Cancer treatment has been revolutionised by targeted therapeutics which act by blocking the pathways that drive cancer. However, despite initial dramatic results, relapse is inevitable and a major clinical problem. Recent studies have identified a rare population of drug-tolerant cells as being largely responsible for relapse. These cells evade therapy and become permanently resistant by acquiring mutations. Here we will determine how drug-tolerant cells gain the mutations which allow them to permanently evade therapy. By understanding how drug-tolerant cells become permanently resistant our long-term goal is to prevent their contribution to relapse and improve treatment outcomes for cancer patients.

OceanaGold (Funder)

Role of a cytochrome oxidase in making Pseudomonas aeruginosa tolerant to antibiotics

Lead Researcher: Professor Iain Lamont, Department of Department of Biochemistry, University of Otago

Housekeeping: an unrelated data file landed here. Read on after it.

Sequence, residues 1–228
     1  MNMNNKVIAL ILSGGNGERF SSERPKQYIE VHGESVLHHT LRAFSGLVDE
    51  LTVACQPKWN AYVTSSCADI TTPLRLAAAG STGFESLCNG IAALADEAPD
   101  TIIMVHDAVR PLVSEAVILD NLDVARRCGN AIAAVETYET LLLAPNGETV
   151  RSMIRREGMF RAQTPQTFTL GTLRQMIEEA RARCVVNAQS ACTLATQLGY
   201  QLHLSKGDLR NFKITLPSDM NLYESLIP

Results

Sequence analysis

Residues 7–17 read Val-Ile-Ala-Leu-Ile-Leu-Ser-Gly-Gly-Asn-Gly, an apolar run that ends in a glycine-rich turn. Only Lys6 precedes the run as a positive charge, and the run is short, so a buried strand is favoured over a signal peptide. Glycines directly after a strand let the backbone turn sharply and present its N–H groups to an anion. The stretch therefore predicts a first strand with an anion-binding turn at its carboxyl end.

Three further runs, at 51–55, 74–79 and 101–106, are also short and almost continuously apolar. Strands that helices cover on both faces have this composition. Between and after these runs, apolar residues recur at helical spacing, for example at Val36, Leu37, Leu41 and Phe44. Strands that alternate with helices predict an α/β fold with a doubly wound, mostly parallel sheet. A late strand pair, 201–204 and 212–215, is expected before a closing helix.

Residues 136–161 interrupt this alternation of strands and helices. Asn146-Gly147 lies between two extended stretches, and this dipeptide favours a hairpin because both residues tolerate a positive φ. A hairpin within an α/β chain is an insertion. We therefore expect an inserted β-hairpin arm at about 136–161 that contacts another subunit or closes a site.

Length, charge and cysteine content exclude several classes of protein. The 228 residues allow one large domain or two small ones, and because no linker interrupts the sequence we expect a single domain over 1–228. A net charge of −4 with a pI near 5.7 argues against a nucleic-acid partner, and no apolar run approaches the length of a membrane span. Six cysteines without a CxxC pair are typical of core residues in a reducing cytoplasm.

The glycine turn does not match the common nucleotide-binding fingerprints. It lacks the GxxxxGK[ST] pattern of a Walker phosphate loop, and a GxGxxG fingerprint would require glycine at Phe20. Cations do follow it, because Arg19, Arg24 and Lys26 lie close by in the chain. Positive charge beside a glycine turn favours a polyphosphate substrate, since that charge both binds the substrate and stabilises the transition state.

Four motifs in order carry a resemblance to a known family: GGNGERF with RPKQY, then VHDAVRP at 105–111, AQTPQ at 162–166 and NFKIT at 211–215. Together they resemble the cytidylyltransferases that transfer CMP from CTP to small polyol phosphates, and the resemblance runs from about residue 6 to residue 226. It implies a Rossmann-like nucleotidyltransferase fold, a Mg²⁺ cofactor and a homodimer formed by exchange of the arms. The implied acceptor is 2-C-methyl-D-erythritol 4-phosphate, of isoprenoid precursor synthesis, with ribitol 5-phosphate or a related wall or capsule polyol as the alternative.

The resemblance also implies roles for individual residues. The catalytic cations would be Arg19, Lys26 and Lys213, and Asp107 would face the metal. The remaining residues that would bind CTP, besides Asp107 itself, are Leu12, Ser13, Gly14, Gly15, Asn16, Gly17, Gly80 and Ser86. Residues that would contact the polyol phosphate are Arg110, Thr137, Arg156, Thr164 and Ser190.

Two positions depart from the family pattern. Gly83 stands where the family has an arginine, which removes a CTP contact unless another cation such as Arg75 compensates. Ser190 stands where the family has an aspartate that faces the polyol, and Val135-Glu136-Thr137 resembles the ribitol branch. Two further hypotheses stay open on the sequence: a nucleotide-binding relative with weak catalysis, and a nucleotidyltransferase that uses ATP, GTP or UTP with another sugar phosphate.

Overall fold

Pseudomonas aeruginosa is an extremely problematic bacterial pathogen, causing a wide range of infections. Antibiotics often fail to eradicate the bacteria. During infections P. aeruginosa often exists under conditions where little or no oxygen is present. We have identified a protein that helps the bacteria to resist a key antibiotic, tobramycin, during growth in the absence of oxygen. In this research we will investigate how this protein helps the bacteria resist tobramycin. The research could lead to more reliable methods for predicting which antibiotics will be effective in treating Pseudomonas infections, and in the long-term much-needed new tools for treatment.

Otago Community Trust (Funder)

A NZ family to reveal pathways of B-cell immunity and cancer

Lead Researcher: Professor Ian Morison, Department of Pathology, Dunedin School of Medicine, University of Otago

Naturally occurring genetic variants within families provide an opportunity to reveal the pathways of human disease. We are studying a NZ family with Otago members who have a specific genetic mutation that predisposes them to autoimmune destruction of their own platelets, but also appears to predispose them to cancers of the immune system. Two members of the family have, at a young age, developed cancers of immune cells. While mouse experiments have shown disturbed immune cell development, humans are different and this family provide an opportunity to determine the role of the affected gene (MYB) in human health and disease